In FinTech, as in politics, circumstances can make for some strange bedfellows.
Consider the evolving relationship between big banks and FinTech firms. Not long ago – think back, oh, only several months – FinTech was slated to eat traditional lenders’ lunches. Now, increasingly, they’re nibbling from the same plate.
As noted by CNBC on Monday (Jan. 11), banks have been pouring billions of dollars into FinTech, “with more to come.”
That last line might have FinTech startups – both existing and ones that might be only glimmers in some tech savants’ eyes – salivating.
After all, as noted by The Statistics Portal, banks could spend as much as $19.9 billion next year (that’s 2017), in North America alone on new financial technologies. Key drivers, said CNBC, will include mobile technologies and security. In reference to the former, one key beneficiary will be JPMorgan, which has been working on expanding its mobile platform and at the end of the September quarter of 2015 had the largest share of mobile banking customers, at 22 million users, which CNBC noted as a milestone, with the banking juggernaut coming in as the first large bank to top 20 million mobile users.
Certainly JPMorgan has not been sitting still, having made the move to link with a dozen and a half partners within FinTech to get Chase Pay further afield. And new technology projects will be front burner for the bank in 2016, with big data and blockchain topping the list.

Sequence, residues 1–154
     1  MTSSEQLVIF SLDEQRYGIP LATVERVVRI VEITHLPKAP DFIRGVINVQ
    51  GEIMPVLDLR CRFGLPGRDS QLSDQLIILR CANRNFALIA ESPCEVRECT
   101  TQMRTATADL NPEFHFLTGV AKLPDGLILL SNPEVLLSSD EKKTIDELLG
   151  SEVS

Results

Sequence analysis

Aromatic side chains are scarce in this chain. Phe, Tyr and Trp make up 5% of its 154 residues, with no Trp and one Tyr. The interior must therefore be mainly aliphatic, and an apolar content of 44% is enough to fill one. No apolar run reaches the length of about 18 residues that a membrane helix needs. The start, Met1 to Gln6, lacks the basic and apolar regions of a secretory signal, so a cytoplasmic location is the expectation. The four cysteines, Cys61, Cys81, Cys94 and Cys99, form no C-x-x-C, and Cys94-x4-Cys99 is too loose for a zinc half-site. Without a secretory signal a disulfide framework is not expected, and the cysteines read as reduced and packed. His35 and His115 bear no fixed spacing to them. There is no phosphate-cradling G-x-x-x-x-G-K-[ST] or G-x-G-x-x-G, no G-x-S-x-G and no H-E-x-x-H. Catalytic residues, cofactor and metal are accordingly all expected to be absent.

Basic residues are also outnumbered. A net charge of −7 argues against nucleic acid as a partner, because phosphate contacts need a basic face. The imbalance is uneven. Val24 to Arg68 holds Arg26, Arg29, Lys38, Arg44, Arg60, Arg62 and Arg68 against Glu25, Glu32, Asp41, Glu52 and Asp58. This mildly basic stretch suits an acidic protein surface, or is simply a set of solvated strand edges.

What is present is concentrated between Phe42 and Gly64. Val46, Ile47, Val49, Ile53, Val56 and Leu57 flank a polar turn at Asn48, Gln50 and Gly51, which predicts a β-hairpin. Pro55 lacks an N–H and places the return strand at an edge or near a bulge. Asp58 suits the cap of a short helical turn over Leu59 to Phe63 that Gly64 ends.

In other initiatives, as CNBC detailed, Citibank is also making FinTech moves, making banking more widespread across mobile and also creating a unit dedicated to FinTech.
Though well documented, the partnerships just mentioned may just be the tip of the iceberg. The fact remains that FinTech firms, small though they may be, exist with one product, or a few, that help serve niches as yet untapped or wholly ignored by traditional lenders. And, as has been seen in other industries – such as pharmaceuticals, say, or semiconductors – necessity leads big companies quite quickly to “build or buy” decision.
And very often the decision is to buy. With billions of dollars at the ready, it’s possible that banks may start snapping up bite-sized disruptors simply because it would take too long to get up to speed with technology and/or manpower where the heavy lifting has already been done.
For FinTech startups, getting bought by a “frenemy” may be an attractive exit strategy, with the stock market, and initial public offerings proving ever less so. Founders may indeed ponder this course, as no one (including the private equity and venture capital firms that are a startup’s early backers) wants to see a busted IPO.
Because technology would be complementary – and the bank would have a readily installed base of users (and financial firepower virtually unmatched) – founders and their teams would find new avenues of growth.
In the end, it may be the consumer who benefits from this cultural shift, where collaboration trumps pure competition, with greater flexibility to transact and bank anytime, anywhere, with speed, across institutions where they have long had relationships.